Living in China often means a constant overloading of the senses. The sights, the smells, the noise, the food, and the sheer number of people all make it impossible to go a day without experiencing something new. This is even more so the case when you’re a young, white, American couple that recently moved to China and who stick out like sore thumbs wherever they go.
While there are so many things that Brett and I absolutely love about China, there are quite a few things that make us do a double-take or that cause us to compare our current living situation here in China with our comfortable lives back in America. Soon enough we won’t think twice about aspects of the culture here, but for now we’re trying to embrace and take note of all the “craziness” we see.
I thought I’d share with you all a short list of some of the “scenes” either Brett or I have experience over the past few weeks. (Some material may not be suitable for children.) 🙂
Women crouching over a bowl of chicken intestines, cleaning the long coils with their fingers.
A taxi driver running over a little boys foot, the boy hobbling the rest of the way across the street, and the taxi driver not stopping to see if the boy was okay.
A grown man emerging from the woods, soaking wet, sporting only some whitey-tighties.
Grown men walking around shirtless, rubbing their bellies.
Employees taking part in synchronized dancing outside of their work places before their shift begins.
Sichuan peppers that literally numb your mouth.
Kids peeing on the public streets.
Intense spices wafting in through our kitchen window, making us choke and cough.
The smacking, slurping, chewing, and chomping of the locals as they eat.
The city square full of the elderly doing “Zumba” together at the end of the day.
A local showing you a video of his relative eating a ginormous grub and having all the guts dribble down his chin.
Being served ENTIRE sparrows which are mean to be consumed in whole. (Yes, bones, intestines, head and all. Thankfully Brett was the one who experienced this!)
Noodles, noodles, rice, steamed buns, rice, noodles, rice, rice, steamed buns, noodles…
FISH FLAVORED EGGPLANT!! One of the many Chinese dishes we’re more than happy to eat.
And lucky for you, I’m sharing the recipe today! One of my first memories of Fish Flavored Eggplant was when Brett and I took a cooking class last year during our visit to China. We were taught to make four different dishes and Fish Flavored Eggplant was one of them. It was love at first bite. While the name confuses many, there is no fish or fish sauce involved in this dish. That means that us plant-eaters are free to get excited!
One of the main ingredients in this Vegan Fish-Flavored Eggplant is a chili bean paste called Doubanjiang. You can easily find it at your local Asian market or on-line. Additionally, including crushed Sichuan peppercorns will make this dish more authentic, but feel free to omit them if can’t find them or simply aren’t a fan (like Brett). Other than those two ingredients, the rest of the ingredients for this dish are probably already in your pantry or are at least easy to purchase.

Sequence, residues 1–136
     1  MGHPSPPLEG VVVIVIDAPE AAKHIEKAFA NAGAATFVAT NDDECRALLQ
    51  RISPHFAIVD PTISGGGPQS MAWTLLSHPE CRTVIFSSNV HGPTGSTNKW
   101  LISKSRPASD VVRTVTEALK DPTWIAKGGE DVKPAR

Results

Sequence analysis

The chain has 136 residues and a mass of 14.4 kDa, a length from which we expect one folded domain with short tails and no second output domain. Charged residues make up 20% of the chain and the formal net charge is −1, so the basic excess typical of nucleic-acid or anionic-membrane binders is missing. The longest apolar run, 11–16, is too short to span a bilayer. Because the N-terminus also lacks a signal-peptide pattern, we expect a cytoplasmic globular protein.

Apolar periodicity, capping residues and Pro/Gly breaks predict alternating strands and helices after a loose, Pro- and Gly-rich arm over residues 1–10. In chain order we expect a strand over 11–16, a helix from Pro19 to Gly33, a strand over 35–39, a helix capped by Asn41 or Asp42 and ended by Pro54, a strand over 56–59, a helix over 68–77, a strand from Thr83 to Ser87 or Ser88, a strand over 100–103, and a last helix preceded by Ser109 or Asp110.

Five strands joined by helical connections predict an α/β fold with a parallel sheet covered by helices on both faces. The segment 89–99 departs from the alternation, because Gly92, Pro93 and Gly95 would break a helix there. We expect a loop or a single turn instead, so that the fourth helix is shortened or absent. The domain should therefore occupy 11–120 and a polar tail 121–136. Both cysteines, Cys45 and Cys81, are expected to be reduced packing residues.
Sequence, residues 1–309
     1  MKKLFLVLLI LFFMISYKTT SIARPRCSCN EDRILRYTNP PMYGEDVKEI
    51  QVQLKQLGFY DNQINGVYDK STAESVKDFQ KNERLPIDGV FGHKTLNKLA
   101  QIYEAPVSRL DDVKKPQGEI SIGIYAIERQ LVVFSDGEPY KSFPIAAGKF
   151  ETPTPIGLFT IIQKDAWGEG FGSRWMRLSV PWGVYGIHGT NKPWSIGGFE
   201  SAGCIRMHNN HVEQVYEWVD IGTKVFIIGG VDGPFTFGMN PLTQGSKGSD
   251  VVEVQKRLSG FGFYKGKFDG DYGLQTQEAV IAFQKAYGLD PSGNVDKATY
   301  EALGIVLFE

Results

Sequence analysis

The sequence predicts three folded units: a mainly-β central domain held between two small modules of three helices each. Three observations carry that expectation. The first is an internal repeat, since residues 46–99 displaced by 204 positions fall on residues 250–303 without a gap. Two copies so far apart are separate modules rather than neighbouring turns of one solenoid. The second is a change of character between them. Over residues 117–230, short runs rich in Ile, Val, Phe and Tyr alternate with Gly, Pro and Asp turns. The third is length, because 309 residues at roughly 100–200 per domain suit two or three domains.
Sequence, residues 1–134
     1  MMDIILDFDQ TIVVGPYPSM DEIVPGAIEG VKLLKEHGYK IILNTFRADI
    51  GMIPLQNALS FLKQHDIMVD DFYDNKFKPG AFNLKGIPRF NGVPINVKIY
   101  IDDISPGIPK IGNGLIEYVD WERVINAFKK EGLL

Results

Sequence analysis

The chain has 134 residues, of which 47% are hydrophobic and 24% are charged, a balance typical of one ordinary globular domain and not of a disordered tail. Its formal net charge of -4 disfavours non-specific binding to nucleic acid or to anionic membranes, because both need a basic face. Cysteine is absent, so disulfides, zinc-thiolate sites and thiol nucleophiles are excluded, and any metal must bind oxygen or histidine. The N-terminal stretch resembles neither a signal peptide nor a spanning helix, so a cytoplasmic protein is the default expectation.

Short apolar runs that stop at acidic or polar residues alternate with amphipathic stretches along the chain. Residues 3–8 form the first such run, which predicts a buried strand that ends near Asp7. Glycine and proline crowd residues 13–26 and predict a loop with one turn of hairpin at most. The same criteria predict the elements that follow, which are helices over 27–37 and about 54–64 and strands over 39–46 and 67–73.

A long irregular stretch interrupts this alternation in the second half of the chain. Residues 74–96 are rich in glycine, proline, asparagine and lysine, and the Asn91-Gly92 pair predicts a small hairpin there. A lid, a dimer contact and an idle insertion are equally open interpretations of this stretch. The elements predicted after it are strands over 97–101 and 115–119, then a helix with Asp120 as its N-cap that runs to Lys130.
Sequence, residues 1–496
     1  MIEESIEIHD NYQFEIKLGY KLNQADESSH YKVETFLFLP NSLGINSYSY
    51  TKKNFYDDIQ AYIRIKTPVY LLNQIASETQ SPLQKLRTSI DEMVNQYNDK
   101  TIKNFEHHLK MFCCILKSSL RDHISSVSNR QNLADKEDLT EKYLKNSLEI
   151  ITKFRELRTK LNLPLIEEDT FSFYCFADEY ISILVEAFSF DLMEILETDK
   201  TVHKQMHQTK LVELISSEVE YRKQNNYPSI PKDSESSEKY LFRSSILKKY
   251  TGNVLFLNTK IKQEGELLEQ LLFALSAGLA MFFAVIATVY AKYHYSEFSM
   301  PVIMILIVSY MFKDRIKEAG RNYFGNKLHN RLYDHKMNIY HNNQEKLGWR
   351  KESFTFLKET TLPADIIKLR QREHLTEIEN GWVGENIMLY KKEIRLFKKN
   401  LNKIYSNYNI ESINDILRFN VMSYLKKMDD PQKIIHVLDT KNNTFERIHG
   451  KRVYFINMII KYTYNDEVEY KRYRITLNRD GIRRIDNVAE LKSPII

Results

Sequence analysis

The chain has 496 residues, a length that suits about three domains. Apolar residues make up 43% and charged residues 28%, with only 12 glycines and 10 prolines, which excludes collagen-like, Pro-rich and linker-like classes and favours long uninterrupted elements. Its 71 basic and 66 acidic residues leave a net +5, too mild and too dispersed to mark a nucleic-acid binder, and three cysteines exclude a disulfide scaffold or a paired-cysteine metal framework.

Perfectly balancing sweet, spicy, and sour flavors, a bite of this dish will cause a flavor explosion in your mouth. Serving this rich and flavorful dish will definitely impress your family and friends and it’s a great way to experience some authentic Chinese cuisine.
I hope you give this recipe a try! If you do, let me know what you think. Even better, take a picture, post it on Instagram, and include the hashtag #theconscientiouseater so I can see your creation!
- 2 long Asian eggplants (long and skinny) (1¼ lbs.)
- 2 tablespoons oil*
- 1½ tablespoons Doubanjiang (chili bean paste)
- 1 tablespoon freshly grated ginger
- 4 cloves garlic, minced
- 1 teaspoon crushed Sichuan peppercorns (optional)
- ¼ cup vegetable broth
- 2 teaspoons coconut sugar
- 1 teaspoon soy sauce**
- 1 teaspoon arrowroot powder
- 1 tablespoon water
- 2 teaspoons rice vinegar
- 4 Scallions, sliced on the bias
- Chop eggplant into 1 x 2 inch pieces. Place the eggplant into a colander, and sprinkle with salt. Allow the eggplant to sweat for 30 minutes so that some of the moisture is released.
- While the eggplant is sweating, prepare the ginger and garlic and measure out the remaining ingredients.
- After 30 minutes, add 2 tablespoons of oil to a wok and let it heat up over medium-high heat. Sauté the eggplant until starting to brown, about 7 minutes. Add in the chili bean paste, ginger, garlic, and optional Sichuan peppercorns and continue to cook until you can smell the aroma of the spices.
- Add in the vegetable broth and sugar and mix well.
- In a small bowl, dissolve the arrowroot powder in 1 tablespoon of water. Then pour the mixture into the wok and allow the arrowroot powder to thicken the sauce.
- Lastly add in the vinegar and green scallions and stir a couple more times.
- Remove from the heat, plate, and serve over steamed rice!
**Sub Tamari if gluten-free.